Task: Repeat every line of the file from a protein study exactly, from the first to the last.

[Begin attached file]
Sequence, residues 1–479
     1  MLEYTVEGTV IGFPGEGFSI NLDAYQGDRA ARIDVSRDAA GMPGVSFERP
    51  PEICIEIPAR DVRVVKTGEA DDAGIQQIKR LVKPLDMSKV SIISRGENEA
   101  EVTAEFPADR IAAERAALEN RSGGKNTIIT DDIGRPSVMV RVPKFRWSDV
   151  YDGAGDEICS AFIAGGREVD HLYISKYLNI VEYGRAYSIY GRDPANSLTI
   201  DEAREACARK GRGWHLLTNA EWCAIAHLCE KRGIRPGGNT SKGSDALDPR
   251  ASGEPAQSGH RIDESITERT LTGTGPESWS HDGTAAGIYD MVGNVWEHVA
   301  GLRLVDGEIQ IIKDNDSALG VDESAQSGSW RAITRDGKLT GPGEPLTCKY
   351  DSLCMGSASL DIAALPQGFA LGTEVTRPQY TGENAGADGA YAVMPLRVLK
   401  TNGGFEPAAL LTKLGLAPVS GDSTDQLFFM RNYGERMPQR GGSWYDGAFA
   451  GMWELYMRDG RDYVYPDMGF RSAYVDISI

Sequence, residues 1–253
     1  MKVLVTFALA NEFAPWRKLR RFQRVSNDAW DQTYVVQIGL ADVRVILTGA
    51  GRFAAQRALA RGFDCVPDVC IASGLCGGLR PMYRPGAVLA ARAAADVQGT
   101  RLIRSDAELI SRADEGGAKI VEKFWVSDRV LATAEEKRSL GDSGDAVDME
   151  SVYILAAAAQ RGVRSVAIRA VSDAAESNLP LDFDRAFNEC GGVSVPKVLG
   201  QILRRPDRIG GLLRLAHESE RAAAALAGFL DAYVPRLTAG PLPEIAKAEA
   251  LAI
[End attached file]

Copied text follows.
Sequence, residues 1–479
     1  MLEYTVEGTV IGFPGEGFSI NLDAYQGDRA ARIDVSRDAA GMPGVSFERP
    51  PEICIEIPAR DVRVVKTGEA DDAGIQQIKR LVKPLDMSKV SIISRGENEA
   101  EVTAEFPADR IAAERAALEN RSGGKNTIIT DDIGRPSVMV RVPKFRWSDV
   151  YDGAGDEICS AFIAGGREVD HLYISKYLNI VEYGRAYSIY GRDPANSLTI
   201  DEAREACARK GRGWHLLTNA EWCAIAHLCE KRGIRPGGNT SKGSDALDPR
   251  ASGEPAQSGH RIDESITERT LTGTGPESWS HDGTAAGIYD MVGNVWEHVA
   301  GLRLVDGEIQ IIKDNDSALG VDESAQSGSW RAITRDGKLT GPGEPLTCKY
   351  DSLCMGSASL DIAALPQGFA LGTEVTRPQY TGENAGADGA YAVMPLRVLK
   401  TNGGFEPAAL LTKLGLAPVS GDSTDQLFFM RNYGERMPQR GGSWYDGAFA
   451  GMWELYMRDG RDYVYPDMGF RSAYVDISI

Sequence, residues 1–253
     1  MKVLVTFALA NEFAPWRKLR RFQRVSNDAW DQTYVVQIGL ADVRVILTGA
    51  GRFAAQRALA RGFDCVPDVC IASGLCGGLR PMYRPGAVLA ARAAADVQGT
   101  RLIRSDAELI SRADEGGAKI VEKFWVSDRV LATAEEKRSL GDSGDAVDME
   151  SVYILAAAAQ RGVRSVAIRA VSDAAESNLP LDFDRAFNEC GGVSVPKVLG
   201  QILRRPDRIG GLLRLAHESE RAAAALAGFL DAYVPRLTAG PLPEIAKAEA
   251  LAI